The pen is a cartridge/converter filler with a screw cap.  The cap arrangement has drawn some criticism in that it matches the metal threads of the cap with the plastic threads of the barrel.  The concern is, of course, that this will inevitably lead to wear and failure of the barrel threads.  The purists also argue that it is a sin to call a cartridge filler a Parker 51.

There are two models, plus colour variations.  The cheaper pen, at £85, is a steel nibbed pen:


 The Gold nibbed version is priced at £225:

 This fairly comprehensive review is quite complementary: 

REVIEW: NEW PARKER 51 FOUNTAIN PEN | The Pencilcase Blog | Fountain pen, Pencil, Ink and Paper reviews

This review makes it clear that the pen should not be compared to the original: 

First Impressions: Hands On with the New Parker 51 Fountain Pen — The Gentleman Stationer

I think I'll give the pen a miss, for now.... O.K., I give up, I've bought one and here's my:

New Parker 51 Review

I think the reviews above do a pretty good job on describing the New 51 as a stand alone pen.  It is a good, reasonably priced modern pen in it's own right and shouldn't be compared to the original Parker 51, so I'm going to do just that!

I must admit that the appearance of the new pen is quite pleasing and it looks just like 'it says on the box', a new take on an old classic:

The box is decent quality and suits the pen well, it looks at home.  A direct comparison of appearance and dimensions of the two pens, capped and posted, shows that, on the surface, there is very little difference:

Looking carefully at the tip of the hood of each pen it is noticeable that the new 51 has a slightly broader, less tapered contour and, more importantly, the tip is not completely opaque.  Whether this was intended, or it is simply that the material is thinner or of lower density, I've no idea.  I don't like it though.

Picking the two pens up they feel about the same weight but the old pen feels somehow more substantial and differently balanced.  This isn't imagined, I did a series of blindfold tests picking up Parker 51s and could almost always tell which was which.

I suppose the two main differences between the pens, screw cap versus slip cap and Aerometric versus cartridge filling system is a matter of personal preference. There is, however, some concern that the metal threads in the cap would cause excessive wear on the barrel threads in the new pen, time will tell.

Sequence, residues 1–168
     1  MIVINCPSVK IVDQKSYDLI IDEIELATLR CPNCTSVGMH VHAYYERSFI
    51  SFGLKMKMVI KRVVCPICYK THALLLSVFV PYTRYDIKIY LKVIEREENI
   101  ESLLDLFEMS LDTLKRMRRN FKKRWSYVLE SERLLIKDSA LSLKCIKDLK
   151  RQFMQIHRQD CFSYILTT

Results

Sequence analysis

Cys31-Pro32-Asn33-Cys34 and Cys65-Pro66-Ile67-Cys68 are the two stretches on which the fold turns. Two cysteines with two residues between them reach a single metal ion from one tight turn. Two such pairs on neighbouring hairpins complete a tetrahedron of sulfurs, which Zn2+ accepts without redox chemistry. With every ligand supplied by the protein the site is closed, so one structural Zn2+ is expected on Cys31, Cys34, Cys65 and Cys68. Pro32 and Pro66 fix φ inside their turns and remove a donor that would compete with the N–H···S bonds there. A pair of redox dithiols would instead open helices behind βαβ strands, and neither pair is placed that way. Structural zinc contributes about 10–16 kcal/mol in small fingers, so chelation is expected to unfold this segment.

My 'New Parker 51' is the Burgundy pen with a steel nib and the original has a 14Ct. Gold nib.  The Gold nib is better than the steel one, by about £100 looking at the pricing of the pens.  This brings us to an important issue with respect to the comparison.  Given that a quite nice old pen would cost around the same as a steel nibbed new pen then this is the model we should use for the comparison.  I must stand up and be counted here, the old Parker 51 is by far the better pen, imho, as they say these days.  


I make no apologies for saying that I like the Parker 51 very much, I own quite a few.  It was designed at a time when a fountain pen was an essential piece of equipment for most people and Parker set out to make this the best pen money could buy.  Functionality and longevity were paramount but Kenneth Parker was also very aware that the pen should have great aesthetic appeal. He certainly got it right, Parker 51 sales exceeded $400 million.

The 51, now a vintage pen, still compares very favourably with the most expensive modern pens on the market.  It is an extremely fine writer, although the hooded design precludes any flexibility in the nib Parker have managed to achieve a very pleasing 'soft' feel making it very 'easy' and comfortable to use.

The concept of a multi finned collector as an 'intermediate ink reservoir' facilitates good ink flow and reliable 'starting' although 'clogging' can be an issue if the pen is left unused and full of ink for long periods of time.

Despite the metal cap the 51 is still a light weight pen when compared to many modern offerings, some high end Montblancs are twice the weight, and twice the price.  The weight issue is a major consideration if the pen is to be used for prolonged periods of writing.

Although the appearance of the pen is, of course, a very personal judgement most would agree that it has a slightly understated and classically distinguished look. 

So, if you are looking for a vintage pen that will write well, very rarely break, look good and have a certain amount of prestige then the Parker 51 is very well worth considering.